The service delivery system must be organized for both "maximum development of the child and for accountability," first to the family, and also to the community within which the child lives. This means that providers need to be re-trained within a consumer-oriented model, with children and families seen as customers with whom one must collaborate, rather than as patients or adversaries. Community accountability refers to concern for improving the quality of life in communities through community resource development, advocacy, and related activities.

"Funding for coordinated and collaborative service needs to be both flexible and shared" (where possible) among agencies, such that different agencies can be encouraged to develop together programs that serve children and families holistically. Funding and program decisions need to be made from the "bottom up" and those providers who have on-going contact and communication with the family should be the major decision makers about how pooled and/or flexible funds can be utilized most effectively, with direct input from the consumers of services.

"Interdisciplinary interaction and training" for providers needs to be a top priority in an integrated service model. It will be necessary for providers from different disciplines to know what other disciplines can contribute to solutions for issues confronting families. Collaborative effort outside of traditional disciplinary lines creates opportunities for true communication and integration among providers.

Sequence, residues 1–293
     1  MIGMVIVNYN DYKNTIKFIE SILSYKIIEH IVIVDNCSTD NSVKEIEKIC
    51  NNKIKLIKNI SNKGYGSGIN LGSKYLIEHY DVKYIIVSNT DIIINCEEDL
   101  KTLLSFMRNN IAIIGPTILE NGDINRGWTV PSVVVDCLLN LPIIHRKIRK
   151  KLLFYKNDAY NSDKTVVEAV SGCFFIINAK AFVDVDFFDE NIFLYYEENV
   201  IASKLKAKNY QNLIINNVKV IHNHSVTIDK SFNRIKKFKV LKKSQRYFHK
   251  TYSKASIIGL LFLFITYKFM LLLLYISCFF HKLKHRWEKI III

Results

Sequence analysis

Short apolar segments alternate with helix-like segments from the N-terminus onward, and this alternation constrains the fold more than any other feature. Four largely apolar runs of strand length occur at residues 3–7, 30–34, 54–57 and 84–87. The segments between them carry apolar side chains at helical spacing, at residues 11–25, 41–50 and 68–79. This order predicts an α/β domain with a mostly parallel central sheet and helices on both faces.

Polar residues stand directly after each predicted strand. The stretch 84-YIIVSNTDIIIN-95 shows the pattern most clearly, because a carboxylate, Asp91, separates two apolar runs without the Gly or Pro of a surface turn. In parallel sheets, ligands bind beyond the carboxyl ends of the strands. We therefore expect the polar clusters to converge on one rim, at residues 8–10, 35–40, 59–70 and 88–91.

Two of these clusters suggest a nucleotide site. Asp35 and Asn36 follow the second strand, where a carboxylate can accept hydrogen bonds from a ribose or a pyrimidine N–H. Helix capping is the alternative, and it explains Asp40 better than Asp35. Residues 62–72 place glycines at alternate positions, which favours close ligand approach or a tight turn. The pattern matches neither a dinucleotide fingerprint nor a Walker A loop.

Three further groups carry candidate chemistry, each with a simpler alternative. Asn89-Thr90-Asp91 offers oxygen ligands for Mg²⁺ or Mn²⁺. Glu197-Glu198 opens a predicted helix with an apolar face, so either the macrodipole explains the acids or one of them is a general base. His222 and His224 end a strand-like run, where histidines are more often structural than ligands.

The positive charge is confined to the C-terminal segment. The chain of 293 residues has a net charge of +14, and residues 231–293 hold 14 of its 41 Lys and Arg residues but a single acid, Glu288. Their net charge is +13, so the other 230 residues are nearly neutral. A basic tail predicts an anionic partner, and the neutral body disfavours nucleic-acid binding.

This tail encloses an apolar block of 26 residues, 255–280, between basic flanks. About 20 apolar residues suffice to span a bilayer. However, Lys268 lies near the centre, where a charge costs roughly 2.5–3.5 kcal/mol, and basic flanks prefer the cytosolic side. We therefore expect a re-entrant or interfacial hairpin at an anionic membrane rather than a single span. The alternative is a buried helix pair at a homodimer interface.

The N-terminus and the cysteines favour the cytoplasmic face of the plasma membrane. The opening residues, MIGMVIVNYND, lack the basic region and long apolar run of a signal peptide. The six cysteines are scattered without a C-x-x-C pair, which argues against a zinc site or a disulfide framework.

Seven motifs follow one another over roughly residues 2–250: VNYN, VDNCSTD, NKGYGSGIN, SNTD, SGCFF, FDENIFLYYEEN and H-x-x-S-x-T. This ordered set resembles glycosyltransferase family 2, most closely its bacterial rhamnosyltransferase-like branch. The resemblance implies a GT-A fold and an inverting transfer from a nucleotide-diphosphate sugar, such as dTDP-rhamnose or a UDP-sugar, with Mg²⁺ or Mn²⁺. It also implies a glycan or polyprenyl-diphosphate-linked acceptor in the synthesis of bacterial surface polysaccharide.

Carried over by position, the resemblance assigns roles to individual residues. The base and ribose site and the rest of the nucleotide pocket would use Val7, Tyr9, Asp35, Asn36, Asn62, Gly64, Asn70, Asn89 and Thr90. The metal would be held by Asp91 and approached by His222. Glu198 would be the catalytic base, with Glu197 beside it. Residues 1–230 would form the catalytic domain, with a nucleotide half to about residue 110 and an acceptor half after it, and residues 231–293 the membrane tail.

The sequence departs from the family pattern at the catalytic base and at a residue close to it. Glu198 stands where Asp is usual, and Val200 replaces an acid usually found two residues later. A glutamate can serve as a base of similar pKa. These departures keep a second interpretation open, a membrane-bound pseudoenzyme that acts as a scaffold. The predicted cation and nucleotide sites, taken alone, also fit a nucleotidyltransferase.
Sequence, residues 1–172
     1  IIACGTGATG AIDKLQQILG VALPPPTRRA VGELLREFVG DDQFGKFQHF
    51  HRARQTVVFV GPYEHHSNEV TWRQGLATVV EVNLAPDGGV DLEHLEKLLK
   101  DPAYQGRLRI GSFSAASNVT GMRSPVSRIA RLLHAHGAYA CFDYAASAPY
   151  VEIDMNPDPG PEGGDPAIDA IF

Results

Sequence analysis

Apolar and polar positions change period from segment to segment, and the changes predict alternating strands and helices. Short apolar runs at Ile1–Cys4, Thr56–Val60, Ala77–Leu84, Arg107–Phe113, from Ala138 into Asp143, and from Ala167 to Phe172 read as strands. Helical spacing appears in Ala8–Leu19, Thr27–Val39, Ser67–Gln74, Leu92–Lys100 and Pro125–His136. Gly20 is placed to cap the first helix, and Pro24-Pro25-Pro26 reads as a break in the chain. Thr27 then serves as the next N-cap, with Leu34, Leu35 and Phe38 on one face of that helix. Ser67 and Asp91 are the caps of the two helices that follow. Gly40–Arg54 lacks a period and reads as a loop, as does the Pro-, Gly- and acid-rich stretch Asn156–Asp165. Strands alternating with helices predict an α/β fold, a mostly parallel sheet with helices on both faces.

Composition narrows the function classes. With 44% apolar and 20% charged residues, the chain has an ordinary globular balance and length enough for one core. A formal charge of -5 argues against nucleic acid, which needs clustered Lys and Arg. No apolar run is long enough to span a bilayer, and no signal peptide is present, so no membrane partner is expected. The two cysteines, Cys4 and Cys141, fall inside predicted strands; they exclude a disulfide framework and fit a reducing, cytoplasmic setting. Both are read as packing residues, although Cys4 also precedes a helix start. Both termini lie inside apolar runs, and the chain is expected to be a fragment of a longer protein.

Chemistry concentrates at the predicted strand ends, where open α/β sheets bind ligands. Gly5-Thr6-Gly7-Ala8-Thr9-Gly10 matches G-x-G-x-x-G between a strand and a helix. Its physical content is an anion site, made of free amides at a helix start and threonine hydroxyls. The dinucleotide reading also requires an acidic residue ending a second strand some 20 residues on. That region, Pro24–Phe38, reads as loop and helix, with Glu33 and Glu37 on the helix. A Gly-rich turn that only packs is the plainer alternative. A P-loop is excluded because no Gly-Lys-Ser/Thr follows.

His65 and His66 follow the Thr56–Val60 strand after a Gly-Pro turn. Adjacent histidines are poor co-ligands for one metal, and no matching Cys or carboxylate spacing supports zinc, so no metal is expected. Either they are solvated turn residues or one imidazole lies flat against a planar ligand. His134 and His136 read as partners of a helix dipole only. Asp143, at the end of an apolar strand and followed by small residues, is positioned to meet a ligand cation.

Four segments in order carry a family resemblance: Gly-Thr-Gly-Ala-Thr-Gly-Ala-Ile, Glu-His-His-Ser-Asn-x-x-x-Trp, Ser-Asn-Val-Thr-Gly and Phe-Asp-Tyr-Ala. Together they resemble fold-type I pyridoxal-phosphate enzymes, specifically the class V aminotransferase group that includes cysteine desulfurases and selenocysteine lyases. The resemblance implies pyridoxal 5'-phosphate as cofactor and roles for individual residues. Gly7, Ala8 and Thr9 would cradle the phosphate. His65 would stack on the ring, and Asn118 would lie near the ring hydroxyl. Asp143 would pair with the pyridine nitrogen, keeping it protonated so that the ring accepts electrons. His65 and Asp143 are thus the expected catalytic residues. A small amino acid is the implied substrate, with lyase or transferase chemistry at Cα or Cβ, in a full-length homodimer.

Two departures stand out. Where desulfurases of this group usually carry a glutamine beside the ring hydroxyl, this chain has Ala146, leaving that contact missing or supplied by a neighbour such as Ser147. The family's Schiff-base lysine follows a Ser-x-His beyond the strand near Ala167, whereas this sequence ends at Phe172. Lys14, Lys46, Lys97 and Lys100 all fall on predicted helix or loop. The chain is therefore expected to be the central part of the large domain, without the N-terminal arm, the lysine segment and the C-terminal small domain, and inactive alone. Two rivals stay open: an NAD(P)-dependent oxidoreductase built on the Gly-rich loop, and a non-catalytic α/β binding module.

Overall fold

"Role of Psychologists"

Psychologists develop systems that ensure the healthy development of children and the strengthening and empowerment of families. In both primary health care and school settings, psychology can play an integral role in "prevention, assessment, treatment, consultation, and advocacy" for children and families. Psychologists employed in other social service, mental health, and related organizational settings can also have considerable impact on the welfare of children and families through early intervention and treatment activities. In all settings, psychological services must be integrated with other necessary services and then provided in a manner that does not artificially separate the physical, emotional, and social needs of children and families.

There are a number of integrated service efforts underway, many of which involve or are led by psychologists. For example, the School of the Future project (Holtzman, 1992) in Austin, Dallas, Houston, and San Antonio, Texas (partially funded by the Hogg Foundation) focuses on the coordination and delivery of an extensive array of health and human services through neighborhood schools. In the Memphis City Schools, educational, mental health, and social services have been integrated within a "one-stop shopping" paradigm (Paavola, Hannah, & Nichol, 1989). The National Institute of Mental Health promotes the Child and Adolescent Service System Program (CASSP) initiative, designed to improve mental health services for children with severe emotional disabilities by encouraging states to provide more comprehensive and coordinated services through interagency collaboration and service coordination (Day & Roberts, 1991).